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Cole Anthony

Cole Anthony Leads the Way as USA Wins Nike Hoop Summit 93-87

  • Author:
    Sam Yip, Red Line Editorial
  • Date:
    Apr 13, 2019

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It was somewhat fitting that in the 22nd edition of the Nike Hoop Summit that took place at the Moda Center in Portland, Oregon, it was Portland-born Cole Anthony (Oak Hill Academy, Va./New York, N.Y.) leading USA Basketball to a 93-87 win over the World Select Team.

One of the key matchups to watch coming into this game was Anthony squaring up against Nico Mannion (Pinnacle H.S., Ariz.) of Italy. Coincidentally, both players’ fathers played in the NBA, Greg Anthony (11 years) and Pace Mannion (six years). And indeed, each player ended up being the leading scorer for his team, with Anthony putting up 25 points and Mannion leading all players with 28.

The U.S. got off to a slow start, as the World Team ran out to a quick 7-0 run to start the game. The USA’s sluggish start made sense since the World Team had been practicing since Sunday, while USA only started practicing on Wednesday. The World Team looked more than ready to start the game, running their half court sets efficiently, whipping the ball around the perimeter to find the open shooter.

“To be honest, we haven’t talked about a single (opposing) player,” Mannion said prior to the game. “We’ve just been focused about what we’re going to do, we haven’t said a single name from Team USA in practice. We’re just locked in on us, focusing on what we got to do, coach has a game plan. We’re just focusing on our end to win the game.”

Towards the end of the first quarter, the U.S. managed to tie it with about one minute left after Matthew Hurt (John Marshall H.S./Rochester, Minn.) drilled a trey. 

Anthony, who along with Hurt is undecided on a college for next fall, finally got on the scoreboard with a step-back 3-pointer to start the second quarter. And from there, he showed why he was ranked number two on the ESPN 100 rankings for the class of 2019. Anthony finished the second quarter with 10 points on 4-of-7 shooting. Anthony told USA Basketball earlier how playing with this group of elite players helped him learn to play within the game.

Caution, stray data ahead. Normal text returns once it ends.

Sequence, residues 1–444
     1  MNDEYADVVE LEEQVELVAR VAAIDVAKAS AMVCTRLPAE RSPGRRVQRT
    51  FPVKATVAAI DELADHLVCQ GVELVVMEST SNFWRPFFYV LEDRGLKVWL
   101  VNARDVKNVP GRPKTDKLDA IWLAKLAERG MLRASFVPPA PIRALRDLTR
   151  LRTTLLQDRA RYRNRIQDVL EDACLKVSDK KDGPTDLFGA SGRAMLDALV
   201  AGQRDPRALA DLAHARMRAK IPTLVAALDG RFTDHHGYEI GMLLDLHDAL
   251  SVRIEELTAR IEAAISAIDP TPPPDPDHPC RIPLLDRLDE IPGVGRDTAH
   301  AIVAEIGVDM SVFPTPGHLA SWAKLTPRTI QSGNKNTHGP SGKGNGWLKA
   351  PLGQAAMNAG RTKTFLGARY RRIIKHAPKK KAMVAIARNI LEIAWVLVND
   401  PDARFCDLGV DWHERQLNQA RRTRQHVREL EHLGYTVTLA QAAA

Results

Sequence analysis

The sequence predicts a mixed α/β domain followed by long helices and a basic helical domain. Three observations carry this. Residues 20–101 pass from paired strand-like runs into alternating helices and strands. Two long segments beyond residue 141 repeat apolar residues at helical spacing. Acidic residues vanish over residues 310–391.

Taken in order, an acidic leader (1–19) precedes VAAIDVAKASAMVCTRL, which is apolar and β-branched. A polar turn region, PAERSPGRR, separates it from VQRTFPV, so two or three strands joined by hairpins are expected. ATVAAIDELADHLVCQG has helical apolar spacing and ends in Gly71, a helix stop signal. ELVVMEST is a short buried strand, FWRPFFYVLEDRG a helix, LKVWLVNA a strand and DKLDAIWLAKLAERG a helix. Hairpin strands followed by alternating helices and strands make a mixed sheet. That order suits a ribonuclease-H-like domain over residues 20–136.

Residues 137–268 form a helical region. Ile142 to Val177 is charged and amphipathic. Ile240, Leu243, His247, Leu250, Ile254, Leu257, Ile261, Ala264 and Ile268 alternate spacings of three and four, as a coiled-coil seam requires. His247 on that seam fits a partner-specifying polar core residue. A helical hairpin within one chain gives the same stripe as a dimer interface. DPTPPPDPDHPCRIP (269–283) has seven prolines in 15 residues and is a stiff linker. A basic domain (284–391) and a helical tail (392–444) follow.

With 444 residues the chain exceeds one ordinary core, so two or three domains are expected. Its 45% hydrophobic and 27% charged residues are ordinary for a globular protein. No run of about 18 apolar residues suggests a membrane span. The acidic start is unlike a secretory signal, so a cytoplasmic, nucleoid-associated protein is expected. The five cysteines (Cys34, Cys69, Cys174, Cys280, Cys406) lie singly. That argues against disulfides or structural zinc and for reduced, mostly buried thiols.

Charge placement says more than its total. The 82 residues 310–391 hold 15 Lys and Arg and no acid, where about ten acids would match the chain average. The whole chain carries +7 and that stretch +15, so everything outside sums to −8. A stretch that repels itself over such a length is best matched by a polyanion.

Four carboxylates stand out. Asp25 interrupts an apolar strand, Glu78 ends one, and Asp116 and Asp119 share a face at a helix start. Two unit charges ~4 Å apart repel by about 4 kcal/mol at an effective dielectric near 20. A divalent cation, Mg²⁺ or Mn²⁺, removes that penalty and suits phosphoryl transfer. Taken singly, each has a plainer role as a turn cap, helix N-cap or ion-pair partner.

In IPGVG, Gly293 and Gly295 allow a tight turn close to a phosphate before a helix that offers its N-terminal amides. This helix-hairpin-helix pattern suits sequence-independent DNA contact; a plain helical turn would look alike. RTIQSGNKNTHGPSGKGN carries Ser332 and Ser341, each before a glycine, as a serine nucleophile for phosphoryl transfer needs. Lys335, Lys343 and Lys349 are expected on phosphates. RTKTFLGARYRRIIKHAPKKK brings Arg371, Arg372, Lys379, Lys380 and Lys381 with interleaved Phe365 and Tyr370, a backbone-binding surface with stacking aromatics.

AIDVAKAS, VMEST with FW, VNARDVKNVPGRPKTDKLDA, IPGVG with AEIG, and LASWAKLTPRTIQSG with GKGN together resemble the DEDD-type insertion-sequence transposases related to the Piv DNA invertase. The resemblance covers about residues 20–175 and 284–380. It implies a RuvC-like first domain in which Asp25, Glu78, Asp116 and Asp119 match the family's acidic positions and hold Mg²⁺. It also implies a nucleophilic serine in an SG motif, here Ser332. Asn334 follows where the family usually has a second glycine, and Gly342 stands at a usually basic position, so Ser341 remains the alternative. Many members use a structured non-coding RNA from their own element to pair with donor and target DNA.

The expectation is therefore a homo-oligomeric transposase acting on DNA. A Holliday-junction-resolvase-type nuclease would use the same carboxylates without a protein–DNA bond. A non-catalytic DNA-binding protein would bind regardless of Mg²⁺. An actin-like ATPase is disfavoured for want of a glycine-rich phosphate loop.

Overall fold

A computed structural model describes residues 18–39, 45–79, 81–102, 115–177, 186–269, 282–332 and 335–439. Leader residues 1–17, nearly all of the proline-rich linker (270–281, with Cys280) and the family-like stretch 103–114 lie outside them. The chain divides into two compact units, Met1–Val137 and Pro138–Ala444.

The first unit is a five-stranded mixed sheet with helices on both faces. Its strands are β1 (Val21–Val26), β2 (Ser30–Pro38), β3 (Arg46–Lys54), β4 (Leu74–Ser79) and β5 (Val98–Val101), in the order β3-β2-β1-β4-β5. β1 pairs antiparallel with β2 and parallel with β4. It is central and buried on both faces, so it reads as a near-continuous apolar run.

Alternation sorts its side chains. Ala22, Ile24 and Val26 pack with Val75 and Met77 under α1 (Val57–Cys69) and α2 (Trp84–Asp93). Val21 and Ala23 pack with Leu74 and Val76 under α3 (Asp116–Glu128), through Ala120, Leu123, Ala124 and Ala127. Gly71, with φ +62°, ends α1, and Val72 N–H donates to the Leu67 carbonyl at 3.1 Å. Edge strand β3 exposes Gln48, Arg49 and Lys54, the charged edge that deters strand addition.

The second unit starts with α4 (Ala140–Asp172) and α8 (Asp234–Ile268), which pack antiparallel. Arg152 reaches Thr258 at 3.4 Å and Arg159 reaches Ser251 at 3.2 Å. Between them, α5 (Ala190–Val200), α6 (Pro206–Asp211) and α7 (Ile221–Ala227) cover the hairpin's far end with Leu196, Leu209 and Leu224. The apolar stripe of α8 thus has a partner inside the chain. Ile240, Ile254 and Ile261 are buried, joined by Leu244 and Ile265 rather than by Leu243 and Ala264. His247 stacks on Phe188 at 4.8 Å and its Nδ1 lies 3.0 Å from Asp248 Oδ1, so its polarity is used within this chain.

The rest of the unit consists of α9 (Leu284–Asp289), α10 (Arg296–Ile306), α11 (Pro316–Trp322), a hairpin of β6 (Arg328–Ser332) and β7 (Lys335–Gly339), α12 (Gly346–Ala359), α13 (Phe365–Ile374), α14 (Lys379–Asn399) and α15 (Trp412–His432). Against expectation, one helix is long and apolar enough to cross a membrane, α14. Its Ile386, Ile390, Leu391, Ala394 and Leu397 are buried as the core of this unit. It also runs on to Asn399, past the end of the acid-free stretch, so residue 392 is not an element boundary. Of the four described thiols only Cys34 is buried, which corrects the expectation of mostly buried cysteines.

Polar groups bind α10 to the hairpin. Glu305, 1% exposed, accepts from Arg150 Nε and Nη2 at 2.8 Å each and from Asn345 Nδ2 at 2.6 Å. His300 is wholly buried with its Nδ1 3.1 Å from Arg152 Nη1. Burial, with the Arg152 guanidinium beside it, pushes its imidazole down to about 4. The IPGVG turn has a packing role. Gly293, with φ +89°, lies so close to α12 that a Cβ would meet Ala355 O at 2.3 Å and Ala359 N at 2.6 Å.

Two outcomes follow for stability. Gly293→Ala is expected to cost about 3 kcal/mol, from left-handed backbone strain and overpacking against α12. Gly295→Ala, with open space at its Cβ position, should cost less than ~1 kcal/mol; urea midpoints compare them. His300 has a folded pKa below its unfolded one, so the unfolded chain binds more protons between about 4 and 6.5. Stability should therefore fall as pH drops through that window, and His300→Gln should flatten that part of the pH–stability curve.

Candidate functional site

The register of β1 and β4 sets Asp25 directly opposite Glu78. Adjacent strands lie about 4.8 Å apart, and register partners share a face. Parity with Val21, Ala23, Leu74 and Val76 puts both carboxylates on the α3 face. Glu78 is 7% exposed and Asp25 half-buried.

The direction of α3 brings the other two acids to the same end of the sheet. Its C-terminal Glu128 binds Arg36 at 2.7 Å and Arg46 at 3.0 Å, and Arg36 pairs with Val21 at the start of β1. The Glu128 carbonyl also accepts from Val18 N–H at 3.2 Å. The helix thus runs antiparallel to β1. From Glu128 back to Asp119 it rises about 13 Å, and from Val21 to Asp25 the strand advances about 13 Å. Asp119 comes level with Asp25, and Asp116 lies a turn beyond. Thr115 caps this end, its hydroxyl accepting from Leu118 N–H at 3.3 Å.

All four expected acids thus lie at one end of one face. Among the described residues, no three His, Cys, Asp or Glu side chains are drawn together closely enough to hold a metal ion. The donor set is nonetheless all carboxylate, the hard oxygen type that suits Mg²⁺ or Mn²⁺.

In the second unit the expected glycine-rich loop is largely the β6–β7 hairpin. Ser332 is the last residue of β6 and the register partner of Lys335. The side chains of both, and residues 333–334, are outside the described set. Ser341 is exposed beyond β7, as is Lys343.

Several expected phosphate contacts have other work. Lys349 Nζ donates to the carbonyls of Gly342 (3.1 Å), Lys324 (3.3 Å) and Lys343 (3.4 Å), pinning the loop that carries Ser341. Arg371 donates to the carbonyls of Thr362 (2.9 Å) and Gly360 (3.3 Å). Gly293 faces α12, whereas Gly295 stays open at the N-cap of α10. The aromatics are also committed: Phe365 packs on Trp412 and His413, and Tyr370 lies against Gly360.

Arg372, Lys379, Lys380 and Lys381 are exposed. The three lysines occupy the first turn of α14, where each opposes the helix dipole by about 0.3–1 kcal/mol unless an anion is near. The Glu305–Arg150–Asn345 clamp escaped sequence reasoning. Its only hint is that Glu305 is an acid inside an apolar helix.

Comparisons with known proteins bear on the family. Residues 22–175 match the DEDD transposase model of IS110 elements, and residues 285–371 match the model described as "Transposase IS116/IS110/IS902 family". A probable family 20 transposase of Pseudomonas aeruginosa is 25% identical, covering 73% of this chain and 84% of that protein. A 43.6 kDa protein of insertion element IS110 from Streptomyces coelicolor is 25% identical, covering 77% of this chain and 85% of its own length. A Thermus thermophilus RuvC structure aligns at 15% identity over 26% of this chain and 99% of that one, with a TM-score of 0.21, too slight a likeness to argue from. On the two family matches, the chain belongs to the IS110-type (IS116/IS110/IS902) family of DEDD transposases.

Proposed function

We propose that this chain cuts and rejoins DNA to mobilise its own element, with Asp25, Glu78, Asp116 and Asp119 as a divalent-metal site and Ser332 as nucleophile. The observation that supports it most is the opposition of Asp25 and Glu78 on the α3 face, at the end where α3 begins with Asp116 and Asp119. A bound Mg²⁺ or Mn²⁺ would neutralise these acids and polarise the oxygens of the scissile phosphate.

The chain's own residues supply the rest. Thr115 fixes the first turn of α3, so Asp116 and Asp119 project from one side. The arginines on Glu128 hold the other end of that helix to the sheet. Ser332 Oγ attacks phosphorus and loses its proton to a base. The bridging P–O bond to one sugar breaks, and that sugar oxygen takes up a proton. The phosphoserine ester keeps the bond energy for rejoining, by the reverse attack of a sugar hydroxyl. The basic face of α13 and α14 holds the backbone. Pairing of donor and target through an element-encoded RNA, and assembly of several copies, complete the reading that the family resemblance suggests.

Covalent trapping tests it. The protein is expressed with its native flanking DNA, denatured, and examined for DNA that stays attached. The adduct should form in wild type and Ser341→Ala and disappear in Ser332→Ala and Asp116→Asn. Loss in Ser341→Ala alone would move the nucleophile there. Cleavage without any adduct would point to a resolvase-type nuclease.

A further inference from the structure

“Learning how to pick my spots, not take bad shots,” Anthony said. “On a team like this, I don’t have to force up bad shots. I can take quality shots and that just makes me look that much better.”

The second quarter wound down with the World Team tightening up its defense, switching to zone and pushing the lead to 50-43 at halftime.

The World Team struggled coming out of halftime as the score inched closer at 58-54 around the five-minute mark. Towards the end of the third and through much of the fourth quarter, Mannion and Anthony went head to head and countered each other shot for shot.

“I thought it was really fun,” Anthony said. “I told him after the game, he had some fire in his eyes.”

The game came down to the wire until Isaac Okoro (McEachern H.S./Powder Springs, Ga.), who will play at Auburn University next year, came in as a defensive substitution and swatted Mannion’s go-ahead 3-pointer. From there, Anthony iced the game with four free throws to win the game for the United States, 93-87.

Anthony chipped in eight rebounds in addition to the 25 points. Mannion had an efficient night, with his 28 points coming on 12 shots, and adding five rebounds and five assists.

“Tonight was a tough game,” said U.S. head coach Scott Fitch (Fairport H.S., N.Y.). “We knew going in that it was going to be tough. They were very prepared. They were strong. I thought they played very physical tonight and pushed us around a little bit. I didn’t think that they would beat us on the glass, and they did. So, I’m really proud of our team for hanging in there, because I thought we showed a lot of culture. I think the culture kind of won the game tonight.

“I felt like we could’ve divided, and we didn’t. I thought Cole took over in a couple stretches and we’re very capable of — defensively subbed in a couple guys at the end and finally got to Nico a little bit. I think he played a great game. I thought the World Team was very prepared, and I thought they played extremely hard and tough. Just proud of our team for sticking it out.”

The World Team’s Precious Achiuwa (Montverde Academy, Fla./Nigeria) led all players with 28 minutes and made his presence felt throughout, finishing with 15 points, 11 rebounds, two steals and four blocks.

For the U.S., James Wiseman (East H.S./Memphis, Tenn.) was able to exert himself on the defensive end with six rejections. The future University of Memphis Tiger also finished with 12 points, eight rebounds and a nifty 360º spin move to the rack.

From the bench, future Duke University freshman Wendell Moore Jr. (Cox Mill H.S./Charlotte, N.C.) chipped in with 13 points, five rebounds and a game-leading plus/minus of 15 for the USA. The U.S. bench totaled 42 points compared with 31 from the World Team.

The substitution patterns differed drastically between the two teams, as the U.S. made entire five-man lineup substitutions, and the World Team used the traditional one or two player substitutions.

USA finished at an even 50% shooting from the field, as the World Team struggled shooting at a paltry 37.2% clip. The international squad also did not help themselves at the free-throw line, going 20-for-38. However, the World Team did manage to tie their record of nine made three-point field goals from 2015.

With the win, USA Basketball improved to 15-7 all-time at the Nike Hoop Summit. Over the past six games, the U.S. leads 4-2.


Sam Yip is a freelance contributor to on behalf of Red Line Editorial, Inc.


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